31. The computer data signal of claim 28, wherein the first DLL and the DLL under test are part of the same programmable ASIC.
32. The computer data signal of claim 28, wherein the clock signal is at a stable fixed frequency.
33. The computer data signal of claim 28, wherein the first DLL, the DLL under test, the first count, and the second count are provided on a single integrated circuit device.
34. The computer data signal of claim 33, wherein the integrated circuit device is a field programmable gate array.
Description
BACKGROUND OF THE INVENTION

1. Field Of the Invention

This invention relates to testing integrated circuits (ICs), specifically field programmable gate arrays (FPGAs).

2. Description of the Related Art

Highly complicated field programmable gate array integrated circuits have become common in electronic system design. One important component of modern FPGAs, such as the Virtex™ family by Xilinx®, Inc., are stable locked loops such as the delay lock loop (DLL). The Virtex family of FPGAs is described on pages 3-1 to 3-23 of “The Programmable Logic Data Book 1999” (hereinafter the Xilinx Data Book), which pages are incorporated herein by reference. DLLs are described in Xilinx Application Note XAPP132, “Using the Virtex Delay-Locked Loop” (May 23, 2000, version 2.2), available from Xilinx, Inc., which is incorporated herein by reference.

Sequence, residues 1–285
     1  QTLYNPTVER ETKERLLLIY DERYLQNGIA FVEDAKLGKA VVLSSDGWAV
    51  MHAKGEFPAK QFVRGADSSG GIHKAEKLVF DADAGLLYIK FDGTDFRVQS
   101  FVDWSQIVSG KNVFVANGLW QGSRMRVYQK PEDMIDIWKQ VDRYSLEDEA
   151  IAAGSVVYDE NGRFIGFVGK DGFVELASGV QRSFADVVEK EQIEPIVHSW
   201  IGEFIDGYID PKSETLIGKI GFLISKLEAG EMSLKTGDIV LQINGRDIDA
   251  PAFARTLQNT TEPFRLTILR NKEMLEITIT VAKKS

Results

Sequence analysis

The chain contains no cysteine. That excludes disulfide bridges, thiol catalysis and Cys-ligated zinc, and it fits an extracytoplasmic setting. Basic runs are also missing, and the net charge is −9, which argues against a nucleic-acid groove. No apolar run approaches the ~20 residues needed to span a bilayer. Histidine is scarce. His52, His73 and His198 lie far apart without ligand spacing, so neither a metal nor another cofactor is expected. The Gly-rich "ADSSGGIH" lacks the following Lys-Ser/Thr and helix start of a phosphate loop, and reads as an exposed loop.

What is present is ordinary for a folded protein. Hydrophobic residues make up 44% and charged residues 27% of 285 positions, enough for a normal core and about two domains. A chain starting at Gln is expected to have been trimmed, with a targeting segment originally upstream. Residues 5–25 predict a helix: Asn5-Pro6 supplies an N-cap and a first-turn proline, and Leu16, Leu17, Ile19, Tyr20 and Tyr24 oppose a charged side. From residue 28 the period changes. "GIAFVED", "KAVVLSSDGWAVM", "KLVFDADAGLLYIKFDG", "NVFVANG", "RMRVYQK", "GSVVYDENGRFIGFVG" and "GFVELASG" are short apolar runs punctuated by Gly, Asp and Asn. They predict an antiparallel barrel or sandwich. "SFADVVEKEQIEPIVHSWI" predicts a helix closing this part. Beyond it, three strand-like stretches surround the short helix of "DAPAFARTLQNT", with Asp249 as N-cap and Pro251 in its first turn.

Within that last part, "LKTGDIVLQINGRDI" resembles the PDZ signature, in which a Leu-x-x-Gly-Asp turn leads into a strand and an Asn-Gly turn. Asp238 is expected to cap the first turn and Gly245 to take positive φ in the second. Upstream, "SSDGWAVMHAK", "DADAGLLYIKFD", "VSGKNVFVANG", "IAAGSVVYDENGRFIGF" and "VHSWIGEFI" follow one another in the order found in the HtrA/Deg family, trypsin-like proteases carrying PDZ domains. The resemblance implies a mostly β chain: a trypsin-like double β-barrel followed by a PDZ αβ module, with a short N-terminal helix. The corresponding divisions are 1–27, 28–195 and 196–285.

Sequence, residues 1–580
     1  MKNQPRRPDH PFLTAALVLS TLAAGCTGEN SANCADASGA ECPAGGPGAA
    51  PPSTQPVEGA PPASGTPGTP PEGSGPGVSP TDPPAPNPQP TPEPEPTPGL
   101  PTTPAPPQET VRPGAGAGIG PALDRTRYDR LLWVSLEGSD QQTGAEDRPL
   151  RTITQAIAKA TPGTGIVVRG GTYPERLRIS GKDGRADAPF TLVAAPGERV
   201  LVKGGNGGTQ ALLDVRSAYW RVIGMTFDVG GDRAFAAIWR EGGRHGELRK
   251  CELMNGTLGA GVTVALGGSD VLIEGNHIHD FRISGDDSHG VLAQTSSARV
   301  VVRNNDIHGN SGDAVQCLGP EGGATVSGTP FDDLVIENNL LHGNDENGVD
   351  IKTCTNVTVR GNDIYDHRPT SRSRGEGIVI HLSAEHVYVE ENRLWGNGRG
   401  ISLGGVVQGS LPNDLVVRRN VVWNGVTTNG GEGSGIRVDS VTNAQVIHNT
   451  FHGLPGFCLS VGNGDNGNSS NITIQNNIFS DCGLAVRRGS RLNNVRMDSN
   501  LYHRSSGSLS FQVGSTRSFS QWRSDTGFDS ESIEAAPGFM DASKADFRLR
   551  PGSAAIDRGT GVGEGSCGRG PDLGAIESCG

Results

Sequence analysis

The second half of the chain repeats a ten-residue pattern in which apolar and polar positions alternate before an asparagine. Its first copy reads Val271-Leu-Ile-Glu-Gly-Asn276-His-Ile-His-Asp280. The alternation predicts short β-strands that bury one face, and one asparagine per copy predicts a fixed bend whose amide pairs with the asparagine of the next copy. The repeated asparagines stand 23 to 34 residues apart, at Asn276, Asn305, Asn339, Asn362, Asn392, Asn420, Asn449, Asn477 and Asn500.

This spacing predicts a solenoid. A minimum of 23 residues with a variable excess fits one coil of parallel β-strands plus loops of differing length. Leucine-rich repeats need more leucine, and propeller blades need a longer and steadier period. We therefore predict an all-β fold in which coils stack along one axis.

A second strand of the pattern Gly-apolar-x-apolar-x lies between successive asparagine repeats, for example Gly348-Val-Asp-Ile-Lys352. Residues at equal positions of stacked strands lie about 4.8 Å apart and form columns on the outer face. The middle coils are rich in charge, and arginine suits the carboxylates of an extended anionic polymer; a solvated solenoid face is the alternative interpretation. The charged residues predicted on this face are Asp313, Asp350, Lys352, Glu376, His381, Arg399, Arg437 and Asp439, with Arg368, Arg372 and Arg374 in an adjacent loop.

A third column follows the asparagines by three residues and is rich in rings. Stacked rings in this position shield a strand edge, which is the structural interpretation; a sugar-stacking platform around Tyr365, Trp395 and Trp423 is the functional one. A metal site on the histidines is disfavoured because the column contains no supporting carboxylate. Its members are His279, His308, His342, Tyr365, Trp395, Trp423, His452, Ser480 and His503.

The all-digital DLL of the Virtex family of FPGAs eliminates clock propagation delay and skew between a clock input to the FPGA device and the internal clock distribution network within the device. Additionally, the DLL eliminates skew between the various output clock signals distributed throughout the device. FIG. 1 illustrates DLL 100, comprised of delay element 110, which is typically a programmable delay line, control element 120, feedback loop 130, and clock distribution network 140. The DLL 100 monitors the input clock signal at clock terminal 150 (i.e., the clock signal supplied to the DLL from a source typically external to the FPGA device) and the clock distribution network 140. Control element 120 automatically adjusts delay element 110 so that clock edges reach the FPGA's internal flip-flops (not shown) in clock distribution network 140 exactly one clock period after they arrive at clock terminal 150. This closed-loop system effectively eliminates clock distribution delay by ensuring that clock edges arrive at internal flip-flops in synchronization with clock edges arriving at the DLL input (i.e., at clock terminal 150).